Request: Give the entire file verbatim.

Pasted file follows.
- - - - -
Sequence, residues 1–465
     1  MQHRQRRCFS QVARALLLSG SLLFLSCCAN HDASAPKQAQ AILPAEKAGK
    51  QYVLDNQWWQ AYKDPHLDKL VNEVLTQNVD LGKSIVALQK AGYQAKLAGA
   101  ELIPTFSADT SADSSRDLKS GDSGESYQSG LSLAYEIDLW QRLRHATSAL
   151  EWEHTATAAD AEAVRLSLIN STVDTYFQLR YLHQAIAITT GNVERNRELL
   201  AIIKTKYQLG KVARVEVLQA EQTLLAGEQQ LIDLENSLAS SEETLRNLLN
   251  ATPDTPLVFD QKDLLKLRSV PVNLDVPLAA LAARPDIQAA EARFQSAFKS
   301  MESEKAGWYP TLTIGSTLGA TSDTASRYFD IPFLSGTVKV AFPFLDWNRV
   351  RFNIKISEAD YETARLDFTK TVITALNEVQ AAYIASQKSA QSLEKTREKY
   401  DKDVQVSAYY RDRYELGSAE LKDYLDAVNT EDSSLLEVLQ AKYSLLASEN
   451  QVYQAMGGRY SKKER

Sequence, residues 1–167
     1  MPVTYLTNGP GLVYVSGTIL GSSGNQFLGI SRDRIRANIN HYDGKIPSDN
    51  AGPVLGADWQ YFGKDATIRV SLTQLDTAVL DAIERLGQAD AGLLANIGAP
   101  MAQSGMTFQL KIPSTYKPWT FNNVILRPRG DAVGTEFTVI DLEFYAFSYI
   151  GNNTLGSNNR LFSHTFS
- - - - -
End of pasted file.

Sequence, residues 1–465
     1  MQHRQRRCFS QVARALLLSG SLLFLSCCAN HDASAPKQAQ AILPAEKAGK
    51  QYVLDNQWWQ AYKDPHLDKL VNEVLTQNVD LGKSIVALQK AGYQAKLAGA
   101  ELIPTFSADT SADSSRDLKS GDSGESYQSG LSLAYEIDLW QRLRHATSAL
   151  EWEHTATAAD AEAVRLSLIN STVDTYFQLR YLHQAIAITT GNVERNRELL
   201  AIIKTKYQLG KVARVEVLQA EQTLLAGEQQ LIDLENSLAS SEETLRNLLN
   251  ATPDTPLVFD QKDLLKLRSV PVNLDVPLAA LAARPDIQAA EARFQSAFKS
   301  MESEKAGWYP TLTIGSTLGA TSDTASRYFD IPFLSGTVKV AFPFLDWNRV
   351  RFNIKISEAD YETARLDFTK TVITALNEVQ AAYIASQKSA QSLEKTREKY
   401  DKDVQVSAYY RDRYELGSAE LKDYLDAVNT EDSSLLEVLQ AKYSLLASEN
   451  QVYQAMGGRY SKKER

Sequence, residues 1–167
     1  MPVTYLTNGP GLVYVSGTIL GSSGNQFLGI SRDRIRANIN HYDGKIPSDN
    51  AGPVLGADWQ YFGKDATIRV SLTQLDTAVL DAIERLGQAD AGLLANIGAP
   101  MAQSGMTFQL KIPSTYKPWT FNNVILRPRG DAVGTEFTVI DLEFYAFSYI
   151  GNNTLGSNNR LFSHTFS